We are in Pittsburgh visiting Grammy and Pop. My four kids look forward to this trip every year. We always come up for one of the kid’s birthdays. This year Alex turned twelve. He loves games so we played:
Playing cards (spades and hearts)
and much much more
For some reason, I can’t figure out how to upload pictures on this computer. Extra pictures of pets and kiddos next week!
While the story below is fictional, it is based on real scenarios I’ve witnessed during my career.
Joe and Frank both retired 25 years ago, 1993. They were both 65, both married, and both had $1,000,000 in savings. Their stories are remarkably similar in the beginning, except for one big difference — Joe made his decisions based on fear, and Frank based his decisions on realistic expectations.
When Joe retired he went to his local bank and said, “I’m retired now, I can’t afford to lose anything. I want to put all my money in a money market account.” In 1993 money markets were paying an average of 3.9% and Joe felt pretty good about that.
Of course, there was no way he could have known that interest rates would drop so low later on in his retired years.
As the market fluctuated, Joe became more and more fearful. “I don’t want to spend any of this money unless I HAVE to. I know Ellie wants a new kitchen, and I would love to visit the grandkids in Rhode Island, but … I’m not making a salary anymore. I have to be very careful with this.”
Over the next 30 years Joe scrimped and saved. He never once needed to take more than a few thousand dollars out of savings. When he died in 2016, there was quite a bit of money still there. Over 25 years of compounding interest inside the money market account had turned his $1,000,000 into $1,800,000.
Joe and Ellie never made the trip to visit the grandkids. Ellie never got her updated kitchen. In fact, they spent most of their retirement trying to live with less and less.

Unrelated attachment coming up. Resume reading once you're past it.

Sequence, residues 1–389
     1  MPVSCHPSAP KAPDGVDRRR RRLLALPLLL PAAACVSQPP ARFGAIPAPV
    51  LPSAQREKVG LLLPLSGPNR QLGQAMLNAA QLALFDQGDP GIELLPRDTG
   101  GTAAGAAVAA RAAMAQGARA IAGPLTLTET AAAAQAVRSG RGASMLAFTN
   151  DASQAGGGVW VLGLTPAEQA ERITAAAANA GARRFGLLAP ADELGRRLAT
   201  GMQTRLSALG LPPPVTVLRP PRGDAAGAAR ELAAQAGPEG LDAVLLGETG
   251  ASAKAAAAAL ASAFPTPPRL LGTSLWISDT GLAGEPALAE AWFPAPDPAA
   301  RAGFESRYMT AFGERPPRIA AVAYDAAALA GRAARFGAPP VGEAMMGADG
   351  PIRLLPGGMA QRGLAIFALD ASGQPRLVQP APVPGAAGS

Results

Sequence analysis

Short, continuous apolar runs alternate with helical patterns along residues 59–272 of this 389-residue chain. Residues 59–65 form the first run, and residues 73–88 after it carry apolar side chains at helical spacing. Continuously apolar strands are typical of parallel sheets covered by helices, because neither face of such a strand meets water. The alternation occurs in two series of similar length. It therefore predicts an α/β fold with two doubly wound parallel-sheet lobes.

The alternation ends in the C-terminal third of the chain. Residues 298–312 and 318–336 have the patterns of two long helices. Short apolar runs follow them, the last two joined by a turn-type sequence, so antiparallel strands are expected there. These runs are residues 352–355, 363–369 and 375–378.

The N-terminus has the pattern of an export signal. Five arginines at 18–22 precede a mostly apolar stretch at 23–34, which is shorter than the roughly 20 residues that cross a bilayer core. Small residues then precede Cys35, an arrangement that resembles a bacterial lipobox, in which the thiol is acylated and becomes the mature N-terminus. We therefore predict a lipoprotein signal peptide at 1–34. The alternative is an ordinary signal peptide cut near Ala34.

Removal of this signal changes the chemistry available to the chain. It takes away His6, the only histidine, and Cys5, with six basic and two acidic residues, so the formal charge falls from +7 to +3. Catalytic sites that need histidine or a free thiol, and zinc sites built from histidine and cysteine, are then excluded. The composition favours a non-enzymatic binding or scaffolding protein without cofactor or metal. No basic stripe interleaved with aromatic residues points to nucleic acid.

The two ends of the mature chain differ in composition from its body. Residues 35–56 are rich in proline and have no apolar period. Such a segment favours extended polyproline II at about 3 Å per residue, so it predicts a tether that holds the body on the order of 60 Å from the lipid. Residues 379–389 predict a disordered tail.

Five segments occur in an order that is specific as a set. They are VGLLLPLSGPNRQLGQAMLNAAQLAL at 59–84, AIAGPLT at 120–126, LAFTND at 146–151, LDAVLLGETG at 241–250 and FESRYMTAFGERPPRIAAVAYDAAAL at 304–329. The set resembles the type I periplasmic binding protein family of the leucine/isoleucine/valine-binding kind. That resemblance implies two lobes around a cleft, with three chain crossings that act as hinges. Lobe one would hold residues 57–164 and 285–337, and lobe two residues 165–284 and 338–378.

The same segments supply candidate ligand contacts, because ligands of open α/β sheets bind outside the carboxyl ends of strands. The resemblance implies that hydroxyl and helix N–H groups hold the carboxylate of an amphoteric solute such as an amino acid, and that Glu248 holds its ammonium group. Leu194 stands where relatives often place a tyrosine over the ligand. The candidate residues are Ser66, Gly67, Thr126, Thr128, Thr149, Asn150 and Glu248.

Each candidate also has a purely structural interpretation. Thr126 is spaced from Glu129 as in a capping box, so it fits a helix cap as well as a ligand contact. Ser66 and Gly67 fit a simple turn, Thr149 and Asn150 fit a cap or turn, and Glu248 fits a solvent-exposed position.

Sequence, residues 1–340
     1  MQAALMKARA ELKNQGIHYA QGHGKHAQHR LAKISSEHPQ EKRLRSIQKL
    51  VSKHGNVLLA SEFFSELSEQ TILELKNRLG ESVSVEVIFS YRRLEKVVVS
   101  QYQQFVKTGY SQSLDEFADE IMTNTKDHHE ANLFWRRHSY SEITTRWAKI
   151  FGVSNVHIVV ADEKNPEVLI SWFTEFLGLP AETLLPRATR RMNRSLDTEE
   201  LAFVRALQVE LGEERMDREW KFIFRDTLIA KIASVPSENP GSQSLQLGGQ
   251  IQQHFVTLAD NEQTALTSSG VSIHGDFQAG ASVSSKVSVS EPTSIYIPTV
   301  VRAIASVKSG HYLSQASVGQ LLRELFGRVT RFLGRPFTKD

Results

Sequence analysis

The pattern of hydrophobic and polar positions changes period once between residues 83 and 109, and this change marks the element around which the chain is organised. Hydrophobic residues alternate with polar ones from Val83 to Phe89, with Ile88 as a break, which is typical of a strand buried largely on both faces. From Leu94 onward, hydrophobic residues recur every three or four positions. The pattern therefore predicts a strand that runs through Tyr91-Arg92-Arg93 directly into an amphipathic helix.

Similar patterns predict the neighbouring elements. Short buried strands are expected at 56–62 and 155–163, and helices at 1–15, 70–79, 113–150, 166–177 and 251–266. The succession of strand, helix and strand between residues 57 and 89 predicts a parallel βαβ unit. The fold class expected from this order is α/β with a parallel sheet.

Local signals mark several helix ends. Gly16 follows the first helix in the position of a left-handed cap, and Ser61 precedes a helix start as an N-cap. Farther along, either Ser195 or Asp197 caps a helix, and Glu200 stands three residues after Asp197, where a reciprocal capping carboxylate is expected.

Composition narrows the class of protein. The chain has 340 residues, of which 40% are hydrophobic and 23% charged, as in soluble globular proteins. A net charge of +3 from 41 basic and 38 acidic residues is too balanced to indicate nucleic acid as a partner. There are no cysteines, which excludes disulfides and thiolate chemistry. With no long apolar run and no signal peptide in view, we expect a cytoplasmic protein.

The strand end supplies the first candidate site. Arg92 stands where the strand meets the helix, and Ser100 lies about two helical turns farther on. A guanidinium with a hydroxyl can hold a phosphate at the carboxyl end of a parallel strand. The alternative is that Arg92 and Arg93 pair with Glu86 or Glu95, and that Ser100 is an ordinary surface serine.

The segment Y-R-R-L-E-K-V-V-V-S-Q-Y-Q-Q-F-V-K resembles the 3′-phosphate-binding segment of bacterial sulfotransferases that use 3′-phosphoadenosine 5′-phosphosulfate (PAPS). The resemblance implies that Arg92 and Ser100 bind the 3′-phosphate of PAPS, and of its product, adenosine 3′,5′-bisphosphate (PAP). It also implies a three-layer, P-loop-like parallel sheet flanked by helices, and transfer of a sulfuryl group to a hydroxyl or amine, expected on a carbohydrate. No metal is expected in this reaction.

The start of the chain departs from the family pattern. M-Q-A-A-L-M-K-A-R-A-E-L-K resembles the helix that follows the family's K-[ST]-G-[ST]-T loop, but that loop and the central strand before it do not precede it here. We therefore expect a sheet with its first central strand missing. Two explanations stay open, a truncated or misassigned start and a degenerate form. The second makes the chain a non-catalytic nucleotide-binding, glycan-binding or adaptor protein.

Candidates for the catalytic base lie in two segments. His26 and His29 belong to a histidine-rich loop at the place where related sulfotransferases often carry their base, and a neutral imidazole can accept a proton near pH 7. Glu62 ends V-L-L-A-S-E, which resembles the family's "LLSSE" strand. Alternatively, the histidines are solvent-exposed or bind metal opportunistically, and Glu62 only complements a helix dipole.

They never ran out of money, but they also never got to really enjoy their retirement.
Now Frank looked at things differently.
“I’ve worked my whole life so that I could enjoy the fruits of my labor in retirement. We are going to put a pool in the backyard. Both Mary and I love to swim and it will keep us active and healthy. We are going to travel as much as we can for as long as we are healthy enough to do so.”
Frank went to a local advisor and said, “I want my money to keep working for me since I am no longer working and making a salary.”
The advisor suggested a diversified portfolio of stocks and bonds.
So Frank put 60% of his savings into stocks and 40% into bonds — a very common portfolio asset mix.
Frank then started taking out $50,000 a year from his portfolio, or 5% of the original value. His friends called him crazy. “You are too old for investing,” they’d say. “You are going to run out of money!”
But Frank knew he was reasonably safe to spend the money his investments were earning.
Frank spent the $50,000 each year on things that made him and his wife Mary happy. They spent an entire month in Australia. They traveled up north for each of their grandkids’ birthdays. Frank even bought himself a 1969 cherry-red Chevy Camaro.
When Frank died in 2021, his kids gathered and looked at his investment statement. He had taken out $1,250,000 over those 25 years. Were his kids angry or resentful? Not at all. They remembered all the crazy adventures he and Mom had with that money. All the family vacations, the special occasions made more special by their presence. They also remembered the times they’d needed help and had been able to turn to their parents.
How much money did Frank have left over in 2021?
At Frank’s death a little over $4,725,890. That is not a typo. He started with $1,000,000, took out $1,750,000, and ended up with over four times the amount he started with. He also ended up with more than twice as much as Joe.
The Moral of the Story: Being “safe” with your money may not actually be safe at all!
A well-diversified and balanced portfolio of stocks and bonds is a powerful wealth creation tool. You may be able to spend more of your retirement savings than you realize, and enjoy more of your retirement years.
Please pass this story on to friends and family. It might just possibly change someone’s life.